The FBI Experience is a self-guided tour at FBI Headquarters in Washington, D.C. Open to the public, the tour features interactive multimedia exhibits, content, and artifacts—including a number of items from notable cases on display for the very first time—that help illustrate the importance of the Bureau’s work to protect the nation.
Visitors to The FBI Experience will learn how the Bureau operates in the field, at Headquarters, and within communities across the country. They will also gain a rare look inside the organization’s investigative divisions, laboratory resources, professional occupations, and more. The rich experience tells the story of the FBI’s internal operations and history, as well as how its cooperation with local, state, federal, and international partners helps further its unique national security and law enforcement mission.
History of the Tour
The FBI tour became the public face of the FBI in 1937, when FBI Headquarters was located in the Department of Justice building. In 1975, the J. Edgar Hoover FBI Building was opened to house Headquarters, and the tour became a significant component of the new building. Following the events of September 11, 2001, the tour was closed due to security risks and associated costs. It remained closed for nearly 10 years.
In 2008, the FBI converted the tour into a modern education center to provide new employees and its numerous partners with deeper understanding of the Bureau and its work. In August 2014, the FBI launched a pilot program that opened the FBI Education Center to the public. This allowed the Bureau the opportunity to tell its story—including its history, capabilities, and ideas for the future—to a wider audience.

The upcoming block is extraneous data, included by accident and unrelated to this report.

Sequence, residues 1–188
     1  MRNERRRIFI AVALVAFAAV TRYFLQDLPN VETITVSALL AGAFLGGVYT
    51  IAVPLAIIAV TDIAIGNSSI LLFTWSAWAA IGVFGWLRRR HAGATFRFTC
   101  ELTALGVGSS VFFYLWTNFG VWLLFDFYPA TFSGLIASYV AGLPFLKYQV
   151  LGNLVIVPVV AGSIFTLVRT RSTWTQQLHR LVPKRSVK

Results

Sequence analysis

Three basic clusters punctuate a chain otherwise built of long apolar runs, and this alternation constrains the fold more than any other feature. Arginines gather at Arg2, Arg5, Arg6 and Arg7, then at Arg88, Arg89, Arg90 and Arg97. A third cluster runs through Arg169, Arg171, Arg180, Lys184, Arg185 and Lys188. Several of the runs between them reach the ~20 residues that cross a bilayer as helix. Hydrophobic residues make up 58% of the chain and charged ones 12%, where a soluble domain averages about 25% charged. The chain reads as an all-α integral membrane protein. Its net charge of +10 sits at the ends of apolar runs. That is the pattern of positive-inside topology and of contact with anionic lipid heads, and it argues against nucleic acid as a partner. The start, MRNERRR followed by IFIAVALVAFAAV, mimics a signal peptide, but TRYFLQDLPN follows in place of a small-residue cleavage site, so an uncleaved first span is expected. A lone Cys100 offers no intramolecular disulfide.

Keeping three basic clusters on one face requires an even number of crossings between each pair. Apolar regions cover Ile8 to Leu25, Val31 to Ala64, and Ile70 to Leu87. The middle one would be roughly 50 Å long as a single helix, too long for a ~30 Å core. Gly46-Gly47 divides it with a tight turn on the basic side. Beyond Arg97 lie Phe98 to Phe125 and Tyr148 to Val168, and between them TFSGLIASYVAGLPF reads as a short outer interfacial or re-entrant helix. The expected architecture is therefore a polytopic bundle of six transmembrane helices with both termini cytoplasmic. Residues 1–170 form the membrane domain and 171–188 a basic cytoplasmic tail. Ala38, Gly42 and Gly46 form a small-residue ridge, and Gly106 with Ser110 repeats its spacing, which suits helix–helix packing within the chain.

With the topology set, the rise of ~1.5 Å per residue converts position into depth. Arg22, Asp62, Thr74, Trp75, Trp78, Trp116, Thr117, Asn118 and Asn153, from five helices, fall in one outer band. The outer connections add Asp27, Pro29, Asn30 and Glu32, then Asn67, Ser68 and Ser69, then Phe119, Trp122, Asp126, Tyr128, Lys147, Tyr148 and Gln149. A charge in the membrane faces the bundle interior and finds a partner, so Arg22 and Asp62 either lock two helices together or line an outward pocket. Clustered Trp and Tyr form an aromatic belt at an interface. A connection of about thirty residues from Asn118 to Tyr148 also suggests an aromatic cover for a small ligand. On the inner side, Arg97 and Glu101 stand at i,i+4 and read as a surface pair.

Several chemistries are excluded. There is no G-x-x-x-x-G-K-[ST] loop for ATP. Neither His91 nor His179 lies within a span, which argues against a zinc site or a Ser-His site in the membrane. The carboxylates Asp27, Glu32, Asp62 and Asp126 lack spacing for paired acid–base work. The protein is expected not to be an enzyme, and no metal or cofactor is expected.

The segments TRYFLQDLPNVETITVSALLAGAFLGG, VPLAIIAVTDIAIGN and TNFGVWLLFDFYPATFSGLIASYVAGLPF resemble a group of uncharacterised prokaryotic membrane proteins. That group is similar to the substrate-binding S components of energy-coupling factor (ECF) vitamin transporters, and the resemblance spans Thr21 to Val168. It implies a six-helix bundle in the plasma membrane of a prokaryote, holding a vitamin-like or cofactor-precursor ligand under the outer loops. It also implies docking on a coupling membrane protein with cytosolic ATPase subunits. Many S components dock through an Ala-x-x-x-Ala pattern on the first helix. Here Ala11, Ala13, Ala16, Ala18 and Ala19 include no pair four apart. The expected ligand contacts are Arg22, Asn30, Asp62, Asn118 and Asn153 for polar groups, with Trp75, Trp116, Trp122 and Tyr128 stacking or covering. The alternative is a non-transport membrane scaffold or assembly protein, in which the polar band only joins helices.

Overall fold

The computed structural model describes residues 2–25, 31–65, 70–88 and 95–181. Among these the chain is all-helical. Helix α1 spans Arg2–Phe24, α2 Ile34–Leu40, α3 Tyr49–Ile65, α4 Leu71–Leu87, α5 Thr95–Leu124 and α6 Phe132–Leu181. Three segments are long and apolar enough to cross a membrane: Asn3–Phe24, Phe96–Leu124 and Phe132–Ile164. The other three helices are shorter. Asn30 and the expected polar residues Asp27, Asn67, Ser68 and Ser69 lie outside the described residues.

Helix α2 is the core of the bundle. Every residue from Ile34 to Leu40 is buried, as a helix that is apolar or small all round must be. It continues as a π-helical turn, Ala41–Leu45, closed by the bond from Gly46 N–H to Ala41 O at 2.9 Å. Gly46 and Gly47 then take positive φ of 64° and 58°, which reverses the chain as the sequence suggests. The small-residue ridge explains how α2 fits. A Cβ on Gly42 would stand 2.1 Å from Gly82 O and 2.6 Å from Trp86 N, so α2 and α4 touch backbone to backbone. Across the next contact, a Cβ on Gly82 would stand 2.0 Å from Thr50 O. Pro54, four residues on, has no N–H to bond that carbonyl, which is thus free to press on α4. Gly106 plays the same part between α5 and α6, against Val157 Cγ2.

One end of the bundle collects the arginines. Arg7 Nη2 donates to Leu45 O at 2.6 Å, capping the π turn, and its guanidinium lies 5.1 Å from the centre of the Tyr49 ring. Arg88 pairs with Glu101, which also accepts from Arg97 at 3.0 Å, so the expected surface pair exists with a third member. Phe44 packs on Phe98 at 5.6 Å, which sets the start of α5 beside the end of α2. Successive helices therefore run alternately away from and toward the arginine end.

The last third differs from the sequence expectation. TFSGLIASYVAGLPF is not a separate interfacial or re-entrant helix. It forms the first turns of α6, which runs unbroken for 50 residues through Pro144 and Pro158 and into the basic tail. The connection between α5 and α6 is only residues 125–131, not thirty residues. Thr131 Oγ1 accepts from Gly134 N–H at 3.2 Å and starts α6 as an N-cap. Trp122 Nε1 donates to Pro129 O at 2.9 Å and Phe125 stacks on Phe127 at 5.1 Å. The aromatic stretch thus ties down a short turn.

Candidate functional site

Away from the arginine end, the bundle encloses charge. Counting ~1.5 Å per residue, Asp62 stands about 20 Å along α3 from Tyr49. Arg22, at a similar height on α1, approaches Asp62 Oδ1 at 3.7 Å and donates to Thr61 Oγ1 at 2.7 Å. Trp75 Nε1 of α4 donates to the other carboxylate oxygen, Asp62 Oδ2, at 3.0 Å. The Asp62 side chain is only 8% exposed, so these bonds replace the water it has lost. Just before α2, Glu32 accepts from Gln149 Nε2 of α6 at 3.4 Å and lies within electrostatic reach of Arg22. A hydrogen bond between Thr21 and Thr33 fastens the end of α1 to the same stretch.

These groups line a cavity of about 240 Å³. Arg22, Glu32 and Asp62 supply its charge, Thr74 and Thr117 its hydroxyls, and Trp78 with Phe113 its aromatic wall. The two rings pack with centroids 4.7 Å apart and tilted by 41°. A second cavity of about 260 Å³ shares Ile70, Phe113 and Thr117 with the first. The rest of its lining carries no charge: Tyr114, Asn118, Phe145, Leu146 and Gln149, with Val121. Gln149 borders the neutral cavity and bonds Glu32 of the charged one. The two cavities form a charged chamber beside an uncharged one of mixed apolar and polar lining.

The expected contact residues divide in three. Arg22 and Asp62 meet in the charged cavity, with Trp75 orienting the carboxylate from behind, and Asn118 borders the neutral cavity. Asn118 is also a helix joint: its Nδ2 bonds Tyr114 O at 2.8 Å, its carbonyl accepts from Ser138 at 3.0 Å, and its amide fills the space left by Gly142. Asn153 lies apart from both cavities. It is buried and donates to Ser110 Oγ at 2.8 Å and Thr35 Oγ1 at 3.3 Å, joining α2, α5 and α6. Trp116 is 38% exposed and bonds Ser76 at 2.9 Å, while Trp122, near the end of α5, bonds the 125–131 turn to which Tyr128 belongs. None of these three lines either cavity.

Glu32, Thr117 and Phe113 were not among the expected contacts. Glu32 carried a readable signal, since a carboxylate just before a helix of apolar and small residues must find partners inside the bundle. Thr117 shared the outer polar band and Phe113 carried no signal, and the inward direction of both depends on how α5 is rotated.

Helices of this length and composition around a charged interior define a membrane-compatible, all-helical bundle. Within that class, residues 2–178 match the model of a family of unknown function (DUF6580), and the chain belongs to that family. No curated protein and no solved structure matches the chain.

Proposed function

In April 2016, the Education Center was temporarily closed for renovation, and the tour reopened as The FBI Experience in July 2017.
Privacy Act Statement
Prior to visiting The FBI Experience, The FBI will perform a security check using information such as a constituent’s name, date of birth, and Social Security number. The FBI is authorized to collect and use this information in order to protect the security of its personnel, facilities, and information systems pursuant to one or more of the following provisions: Title 28, United States Code, section 533; Title 40, United States Code, section 1315; Title 28, Code of Federal Regulations, sections 0.75(p) and 0.79; Title 41, Code of Federal Regulations, section 102-81, and Department of Justice (DOJ) Order 2600.2D, Security Programs and Responsibilities (June 16, 2011). Constituent information is protected by the Privacy Act of 1974, Title 5, United States Code, section 552a, as amended, and is maintained in the FBI’s Security Access Control System (SACS), DOB/FBI-013, notice of which was published in the Federal Register at 70 Fed. Reg. 7516 (Feb. 14, 2005) and which may be viewed at http://www.justice.gov/opcl/doj-systems-records#FBI. Constituent information may be disclosed in accordance with the routine uses contained in that notice or as otherwise authorized by law.